In addition, an extensive sampling program was conducted along the storm water drainage way downstream of the facility. Testing showed elevated PCB concentrations in the sediments and soils along the drainage way. Soils and sediments along the drain Agway with PCB concentrations greater than 1 ppm were excavated and disposed of at permitted disposal sites. Sediment and debris within the storm sewer piping in the off-site area was also cleaned out and disposed at permitted disposal facilities.
These cleanup actions were conducted under an interim measures implementation plan (ICMI) plan reviewed in conjunction with the New York State Department of Health (NYSDOH) and approved by the New York State Department of Environmental Conservation (NYSDEC), and was completed during 2002. During 2003 soil and sediment with PCB levels greater than 1 ppm were removed from a non-residential area, located farther downstream on the same drainage way. This work was also conducted under an interim measures implementation plan (ICMI) plan approved by the NYSDEC.
During 2003, elevated PCB concentrations in the tar coating on the inside of the off-site storm sewer system were investigated. The tar is generally not accessible because it is attached to the inside of the pipe. GE/Black and Decker implemented an interim action plan to remove delaminating tar from the inside of the pipe. The latter work was completed in September 2003. GE/Black and Decker have also agreed to remove or clean affected storm sewer pipe that is tar coated. This sewer replacement work was completed in 2004.
In October 2001, the New York State Department of Health (NYSDOH) offered free blood serum PCB testing to current and former residents of the eight homes adjacent to Segments # 1 and 2 of Tributary No. 3 in Brockport. It is reasonable to believe that residents of these homes would have had a greater likelihood of repeated exposure to the tributary PCBs. The results of this sampling program indicate that people living in homes adjacent to the PCB-contaminated Tributary No. 3 in Brockport do not have levels of PCBs in their blood that are above those found in the general population.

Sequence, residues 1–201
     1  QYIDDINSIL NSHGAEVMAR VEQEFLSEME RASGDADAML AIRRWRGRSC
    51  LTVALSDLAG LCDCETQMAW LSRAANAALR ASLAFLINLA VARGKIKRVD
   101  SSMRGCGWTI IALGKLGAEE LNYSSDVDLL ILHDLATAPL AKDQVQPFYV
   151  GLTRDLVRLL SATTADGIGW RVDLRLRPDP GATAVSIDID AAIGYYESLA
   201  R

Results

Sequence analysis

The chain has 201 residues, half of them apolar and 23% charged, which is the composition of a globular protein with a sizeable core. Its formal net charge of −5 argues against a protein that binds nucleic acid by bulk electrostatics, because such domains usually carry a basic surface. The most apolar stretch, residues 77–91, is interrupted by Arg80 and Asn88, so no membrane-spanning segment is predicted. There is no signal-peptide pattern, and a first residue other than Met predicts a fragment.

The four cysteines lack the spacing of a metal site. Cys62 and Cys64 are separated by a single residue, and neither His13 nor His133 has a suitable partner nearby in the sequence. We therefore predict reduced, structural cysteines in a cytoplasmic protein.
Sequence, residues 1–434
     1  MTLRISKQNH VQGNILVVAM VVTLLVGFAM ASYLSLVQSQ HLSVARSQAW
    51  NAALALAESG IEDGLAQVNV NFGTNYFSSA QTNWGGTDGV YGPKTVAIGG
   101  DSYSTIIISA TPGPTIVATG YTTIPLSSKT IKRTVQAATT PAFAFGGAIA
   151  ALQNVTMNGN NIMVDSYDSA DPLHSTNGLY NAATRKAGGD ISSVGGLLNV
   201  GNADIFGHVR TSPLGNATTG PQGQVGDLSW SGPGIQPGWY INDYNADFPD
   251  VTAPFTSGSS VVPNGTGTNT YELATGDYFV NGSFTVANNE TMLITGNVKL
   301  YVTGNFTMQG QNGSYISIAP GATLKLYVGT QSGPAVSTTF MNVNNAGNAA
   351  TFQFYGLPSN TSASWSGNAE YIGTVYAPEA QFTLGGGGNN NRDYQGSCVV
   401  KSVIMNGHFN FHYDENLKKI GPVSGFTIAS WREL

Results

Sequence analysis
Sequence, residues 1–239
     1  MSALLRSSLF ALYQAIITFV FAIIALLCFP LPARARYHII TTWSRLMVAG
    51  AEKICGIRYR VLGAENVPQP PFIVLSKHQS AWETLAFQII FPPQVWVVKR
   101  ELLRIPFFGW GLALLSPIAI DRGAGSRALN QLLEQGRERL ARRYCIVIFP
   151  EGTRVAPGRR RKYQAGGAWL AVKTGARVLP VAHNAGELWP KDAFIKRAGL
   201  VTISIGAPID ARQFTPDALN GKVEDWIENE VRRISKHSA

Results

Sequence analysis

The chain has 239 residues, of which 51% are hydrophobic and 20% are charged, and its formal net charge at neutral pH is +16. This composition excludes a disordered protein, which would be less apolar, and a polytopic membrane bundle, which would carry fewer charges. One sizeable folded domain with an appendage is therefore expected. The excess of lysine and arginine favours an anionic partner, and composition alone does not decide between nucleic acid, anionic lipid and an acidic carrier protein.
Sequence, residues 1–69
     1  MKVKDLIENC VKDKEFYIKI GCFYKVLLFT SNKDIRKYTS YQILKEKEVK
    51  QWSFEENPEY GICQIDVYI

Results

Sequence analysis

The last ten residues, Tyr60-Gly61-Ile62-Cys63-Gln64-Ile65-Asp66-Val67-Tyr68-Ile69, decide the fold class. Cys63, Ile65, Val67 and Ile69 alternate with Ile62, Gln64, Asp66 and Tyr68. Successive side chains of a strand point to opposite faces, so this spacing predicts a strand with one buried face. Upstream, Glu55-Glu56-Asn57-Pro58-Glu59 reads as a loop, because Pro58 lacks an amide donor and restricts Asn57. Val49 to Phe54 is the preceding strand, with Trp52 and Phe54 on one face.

Based on the results of this study, additional blood serum PCB sampling in the Brockport community was not recommended. This investigation reported on individuals who, based on currently available environmental sampling data, live in the area with the greatest potential for exposure to PCBs in and along Tributary No. 3. The findings indicate that these individuals had levels of PCBs in their blood typical of the general population. This testing was conducted prior to any cleanup of the drainage way, when concentrations of PCBs far above 1 ppm were present in potentially accessible soils. Now that the soils have been remediated to PCB levels less than 1 ppm, under a plan reviewed and approved by the NYSDOH and NYSDEC, existing conditions are considered protective.
There are no outstanding issues with respect to surficial or accessible soils. However, there is PCB containing electrical equipment present at the site that would be removed under the consent order currently under negotiation. DEC hired a spill response contractor to remove the PCB oil from some of this equipment in 2010, to reduce the potential for a release, but the drained equipment carcasses are still on the site.
The facility is located at 200 State Street in Brockport, New York, on approximately 28.6 acres in a largely industrial area. The facility is bounded to the north by State Street and the New York State Barge Canal, to the east by an Owens-Illinois facility, and to the west by an Agrilink (formerly Brockport Cold Storage) facility. Also to the west is the former 3M/Dynacolor site, an inactive hazardous waste disposal site listed on the New York State Inactive Hazardous Waste Site Registry. To the south are railroad tracks and other industrial facilities. It is about 600 feet to the nearest residence.